Haitian president's visit turns political
Nassau, The Bahamas
JUDGING from the squeals in the political arena since the two-day visit of Haitian President Michel Martelly, it would seem that many guilty consciences have been exposed.
In speaking with his people -- some born in the Bahamas with the legal right to be here-- President Martelly advised those registered to vote to organise themselves and "identify in this upcoming election with who is on their side".
In plain, simple English (and Mr Martelly speaks good English) they were told -- vote your conscience. No one heard him say vote FNM, PLP or DNA. The decision of each of them will be subjective, as it is with all voters. Each one will have had a different experience with the various governments -- and like each and every Bahamian, they too will have to decide which government is capable of doing the best, not only for them, but for the Bahamas - their country.
But now the political hoodwinkers are about their dirty work of confusion. The rumour, fanned by various members of the opposition, claim that President Martelly encouraged Haitians to vote FNM. If that is so, maybe some of them had better go back to kindergarten to learn to speak English. Many Bahamians complain that Haitians will eventually take over the Bahamas. If this is the level of Bahamian politicians' understanding of their own language, then maybe Haitians will one day takeover the country.
Mr Martelly did not instruct anyone on how to vote. He arrived in Nassau on Wednesday to have discussions with Bahamian officials and the Haitian community on how to develop trade opportunities and improve conditions for Haitians legally in the Bahamas. "I promised them to work for them to better their possibilities to remain in Haiti so I had a very open discussion with officials as to how can we protect those who at least have the legal papers."
President Martelly said he was "committed to working with the Bahamian government to find responsible and humane solutions to reports of mistreatment of legal residents and persons born in the Bahamas of Haitian descent." However, he said, his ultimate focus was to try to create jobs that would keep Haitians at home and stop the illegal flow to the Bahamas. He was also here to encourage investment in Haiti - "we want trade, we need to create jobs, as we create jobs, companies make money, they pay their taxes and Haiti prospers".
He also hoped to resume talks regarding the export of agricultural produce from Haiti. Apparently, Mr Martelly's predecessor was already negotiating with the Bahamas government for the importation of Haitian mangoes -- talks that ended with the 2010 earthquake that crushed Haiti. Mr Martelly was resuming those talks.
Bran McCartney, DNA leader, formerly Minister of State for Immigration in the FNM government, found that for Mr Martelly to "insinuate that Bahamians of Haitian descent are being abused is misleading".
Come now, Mr McCartney, you know that this statement is not misleading. Even today there are certain officials, in uniform, who will shake down a Haitian for his money. And what about the legal Haitians in Eleuthera -- many in their nightclothes - who were roused from their beds by the police and herded to a fast ferry bound for Nassau. Of the 193 persons arrested and sent to the Detention Centre, 170 had to be released because they were legal residents. True, in 2006, this was not on Mr McCartney's watch, but still, under then Immigration Minister Shane Gibson (PLP), it was unfair harassment, and a legitimate subject for discussion by Haiti's visiting president.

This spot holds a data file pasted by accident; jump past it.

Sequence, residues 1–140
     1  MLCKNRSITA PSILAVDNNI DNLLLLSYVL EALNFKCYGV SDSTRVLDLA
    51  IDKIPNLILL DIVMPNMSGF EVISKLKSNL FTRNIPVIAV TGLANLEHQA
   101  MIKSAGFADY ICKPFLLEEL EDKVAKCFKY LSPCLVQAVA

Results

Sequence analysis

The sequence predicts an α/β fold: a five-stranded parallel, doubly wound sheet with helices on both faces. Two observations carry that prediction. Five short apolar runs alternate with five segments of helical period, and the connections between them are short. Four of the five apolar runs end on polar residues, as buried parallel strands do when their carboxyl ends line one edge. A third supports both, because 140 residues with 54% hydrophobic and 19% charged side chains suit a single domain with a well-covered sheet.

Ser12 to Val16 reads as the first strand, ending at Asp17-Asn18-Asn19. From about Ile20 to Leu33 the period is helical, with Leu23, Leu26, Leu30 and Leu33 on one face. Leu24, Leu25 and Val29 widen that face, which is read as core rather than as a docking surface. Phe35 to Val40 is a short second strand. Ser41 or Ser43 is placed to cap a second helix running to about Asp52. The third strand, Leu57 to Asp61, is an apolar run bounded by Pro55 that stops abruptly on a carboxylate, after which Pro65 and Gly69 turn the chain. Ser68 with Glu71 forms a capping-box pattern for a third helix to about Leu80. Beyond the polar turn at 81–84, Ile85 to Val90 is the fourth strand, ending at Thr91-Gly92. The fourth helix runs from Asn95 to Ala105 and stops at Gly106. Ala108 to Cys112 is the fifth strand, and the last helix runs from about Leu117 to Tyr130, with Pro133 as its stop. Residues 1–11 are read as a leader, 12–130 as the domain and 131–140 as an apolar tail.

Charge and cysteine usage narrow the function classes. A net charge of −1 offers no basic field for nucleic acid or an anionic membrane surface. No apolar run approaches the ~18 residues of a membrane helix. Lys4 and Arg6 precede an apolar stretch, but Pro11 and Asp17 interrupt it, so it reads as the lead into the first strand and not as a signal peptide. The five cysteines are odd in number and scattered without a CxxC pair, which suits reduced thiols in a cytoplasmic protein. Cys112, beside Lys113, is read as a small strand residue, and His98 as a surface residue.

Mr Martelly talked of the children born here who have to wait until they are 18 to apply for citizenship - in the meantime they "don't belong anywhere". He said that if these persons are sent back to Haiti they would know nobody, and would not even recognise the place where they had landed.
We also know that this is true. We have had personal experience with such a situation. It was the case of a young girl, who if it had not been for her name, could pass as Bahamian. Both parents, had legal standing in the Bahamas. She arrived here a babe in arms. One day, she was picked up working as a shop girl -- her employers probably did not suspect she was Haitian. She was taken to the Detention Centre. The next day, she was to be flown to Haiti, where she had no family, friends, or even acquaintances. A top girl in one of the government schools, even her teachers went to bat for her. Eventually, we got her out. But how many more have there been like her who have had no one to turn to for help.
We understand that one of the issues that hastened Mr McCartney's departure from his post as FNM Minister of State for Immigration was his harsh position on the Haitian question. His policies were out of step with that of his party. Hence a parting of the ways, and the eventual establishment of the DNA party.
And, of course, we needn't remind anyone of the harsh treatment of Haitians under the PLP administration, particularly under former immigration minister Loftus Roker when Haitians were hunted from the bush with dogs, while their unattended homes were raided by thieving Bahamians.
Yes, Mr McCartney, Mr Martelly had a lot to talk about. It is now up to the Bahamians of Haitian descent and Haitians with the right to vote to decide which party has the more humane approach to their unfortunate situation.
But to say that Mr Martelly's presence was a "political ploy by the FNM to manipulate the (electoral) process" and the President's comments - at this politically sensitive time - were a "direct attack on Bahamian democracy" is just so much political chicanery.
February 10, 2012